Strawberry and Rose Petal Tart

Pre-heat the oven to 190ᴼC

For the pastry

12 oz plain flour

6 oz butter

1 oz ground almonds

1 oz caster sugar

Cold water to bind

Make the pastry in the time honoured way and line a 23-24 cm flan case. Prick the base with a fork. Chill in the fridge for 20 minutes. Line the chilled pastry case with greaseproof paper and baking beans. Bake blind for 10 minutes. Remove the paper and beans and bake for a further 5 minutes. Cool and remove from tin.

For the confectioner’s custard

1 vanilla pod                         ¾ pt milk

2 eggs                                   1½ oz cornflour

2 oz caster sugar

2 – 6 (depending on size) highly scented roses – if they aren’t they’ll be no good.

Slit the vanilla pod (don’t forget to extract the black gummy seed mixture with a knife – this delicious stuff contains most of the flavour), soak it in the milk with the rose petals and bring nearly to boiling point. Allow to cool and strain. Whisk the eggs, sugar and cornflour together, add a little of the cooled milk, stir to mix thoroughly then whisk into the rest of the milk. Bring slowly to the boil and whisk thoroughly when it begins to thicken. Remove from the heat and allow to cool.

Assemble the tart

Hull and halve 1 lb strawberries. Spoon the custard into the flan case then put the strawberries on top.

NB – use roses that haven’t been sprayed. Do not wash the petals – just shake any creepy-crawlies out!

LET’S DRINK TO IT!

CUTTINGS

Paper Wine Bottles, another green alternative

Daily Telegraph: It would appear that the wine industry is constantly seeking alternative environmentally friendly methods for distributing their wines. In the March 2019 newsletter, I wrote about the production of flat, plastic wine bottles, which could be efficiently packaged into compact packs to fit through a letterbox (ref Daily Mail).

Recently the Daily Telegraph reported on another type of bottle, this time a paper one, known as the Frugal bottle, manufactured by Frugalpac, Ipswich. The Frugal bottle is made from recyclable paperboard with a plastic lining easily separated from the paper bottle to allow for recycling. It is 5 times lighter than a glass bottle, has a carbon footprint of around 6 times lower and is easy to recycle. The first wine in the range will be from the Cantina Goccia vineyard in Italy. Frugalpac say the Frugal bottle is under “active consideration” by a number of UK supermarkets and will soon be available from retailers in the UK, Denmark and the Netherlands.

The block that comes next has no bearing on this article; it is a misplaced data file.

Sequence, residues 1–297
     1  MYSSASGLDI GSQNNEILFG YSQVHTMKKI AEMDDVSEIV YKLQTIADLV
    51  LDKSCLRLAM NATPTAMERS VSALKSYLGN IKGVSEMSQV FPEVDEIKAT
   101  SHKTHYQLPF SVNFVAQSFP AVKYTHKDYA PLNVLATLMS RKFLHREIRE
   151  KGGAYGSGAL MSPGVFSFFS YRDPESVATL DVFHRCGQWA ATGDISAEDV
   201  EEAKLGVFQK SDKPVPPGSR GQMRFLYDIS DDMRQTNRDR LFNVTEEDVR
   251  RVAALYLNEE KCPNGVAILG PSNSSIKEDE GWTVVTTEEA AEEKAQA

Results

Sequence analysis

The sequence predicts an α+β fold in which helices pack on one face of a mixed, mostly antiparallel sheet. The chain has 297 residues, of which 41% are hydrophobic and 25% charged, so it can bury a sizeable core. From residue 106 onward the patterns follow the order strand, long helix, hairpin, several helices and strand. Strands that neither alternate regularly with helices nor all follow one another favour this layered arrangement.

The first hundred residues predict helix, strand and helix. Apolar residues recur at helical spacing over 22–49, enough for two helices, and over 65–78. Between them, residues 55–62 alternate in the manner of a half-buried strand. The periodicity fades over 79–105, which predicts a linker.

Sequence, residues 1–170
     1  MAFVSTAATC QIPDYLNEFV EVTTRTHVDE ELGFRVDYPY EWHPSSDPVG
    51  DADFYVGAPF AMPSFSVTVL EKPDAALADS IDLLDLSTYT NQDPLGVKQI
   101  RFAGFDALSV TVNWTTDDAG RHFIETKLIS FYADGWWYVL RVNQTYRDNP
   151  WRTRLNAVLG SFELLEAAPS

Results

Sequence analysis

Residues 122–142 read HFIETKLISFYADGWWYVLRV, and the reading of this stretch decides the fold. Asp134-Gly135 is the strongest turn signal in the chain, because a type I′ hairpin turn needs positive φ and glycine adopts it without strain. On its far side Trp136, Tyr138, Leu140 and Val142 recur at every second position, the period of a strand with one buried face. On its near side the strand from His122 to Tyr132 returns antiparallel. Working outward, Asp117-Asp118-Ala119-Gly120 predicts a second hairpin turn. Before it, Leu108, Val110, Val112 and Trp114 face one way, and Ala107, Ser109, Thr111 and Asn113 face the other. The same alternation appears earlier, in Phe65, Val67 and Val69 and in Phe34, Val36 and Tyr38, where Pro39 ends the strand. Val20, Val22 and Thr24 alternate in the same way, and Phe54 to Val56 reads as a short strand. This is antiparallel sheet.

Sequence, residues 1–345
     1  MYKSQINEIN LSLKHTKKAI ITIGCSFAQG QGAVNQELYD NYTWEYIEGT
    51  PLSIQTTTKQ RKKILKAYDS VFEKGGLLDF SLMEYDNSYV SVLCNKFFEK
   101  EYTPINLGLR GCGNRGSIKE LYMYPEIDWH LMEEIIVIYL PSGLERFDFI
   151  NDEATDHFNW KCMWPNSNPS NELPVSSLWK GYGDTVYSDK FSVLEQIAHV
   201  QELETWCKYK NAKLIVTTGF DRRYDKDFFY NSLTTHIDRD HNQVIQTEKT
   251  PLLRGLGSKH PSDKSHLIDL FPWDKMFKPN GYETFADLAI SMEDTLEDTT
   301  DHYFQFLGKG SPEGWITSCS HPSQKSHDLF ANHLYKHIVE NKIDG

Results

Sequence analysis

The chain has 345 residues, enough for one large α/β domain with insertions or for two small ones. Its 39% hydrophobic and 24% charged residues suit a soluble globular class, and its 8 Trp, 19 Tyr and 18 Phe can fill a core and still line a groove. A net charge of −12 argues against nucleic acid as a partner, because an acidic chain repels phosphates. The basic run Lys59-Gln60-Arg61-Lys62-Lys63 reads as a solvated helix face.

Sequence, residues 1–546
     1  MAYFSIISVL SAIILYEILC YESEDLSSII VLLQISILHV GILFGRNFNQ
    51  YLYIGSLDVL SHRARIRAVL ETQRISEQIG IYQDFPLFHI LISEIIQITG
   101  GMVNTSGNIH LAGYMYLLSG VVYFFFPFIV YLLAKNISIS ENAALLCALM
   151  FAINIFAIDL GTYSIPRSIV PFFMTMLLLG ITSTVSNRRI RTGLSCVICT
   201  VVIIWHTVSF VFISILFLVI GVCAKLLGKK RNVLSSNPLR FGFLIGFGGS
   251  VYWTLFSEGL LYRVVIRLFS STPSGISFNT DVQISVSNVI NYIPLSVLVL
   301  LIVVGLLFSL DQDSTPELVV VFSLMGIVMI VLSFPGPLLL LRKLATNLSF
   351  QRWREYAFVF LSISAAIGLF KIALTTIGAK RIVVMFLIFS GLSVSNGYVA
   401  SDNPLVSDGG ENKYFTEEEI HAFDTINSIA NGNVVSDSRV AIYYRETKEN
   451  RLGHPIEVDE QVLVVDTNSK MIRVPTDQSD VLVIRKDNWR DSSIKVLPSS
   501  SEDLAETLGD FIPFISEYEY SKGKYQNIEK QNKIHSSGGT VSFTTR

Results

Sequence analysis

Lockdown and the growth of Home Brewing

Daily Telegraph: Home brew sales have risen by almost 500% since the closure of pubs in March. Wilko said its online home brew sales quadrupled in the first week of May compared to the same period last year.

All we need now is for some of these new brewers to join Tonbridge Winemakers!

MUSINGS

Found in the “How to be British Collection” by Martyn Ford and Peter Legon:                   

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Betty Thomson | Reply 06.09.2017 20.39

I have a black grape vine ( just turning black now) probably enough to fill a flexitub. I live in Blean Nr Canterbury if anyone is this way and would like them

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Latest comments

07.09 | 09:09

would the lady in hildenborough supply me with a demijon i live in hilden borough

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02.09 | 11:53

Hi Linda - Thank you for your kind offer. I have contacted our members and will let you know if anyone is interested. Best wishes, Cathy Rishman

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01.09 | 16:45

Hi - we have a vine that has produced quite a good few grapes this year.
The grapes are red, small and sweet would anyone be interested in them?
Can send photo

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13.03 | 12:56

anyone interested in 4x 50 litre wine carboys. I stopped making wine about 15 years ago. open to offers.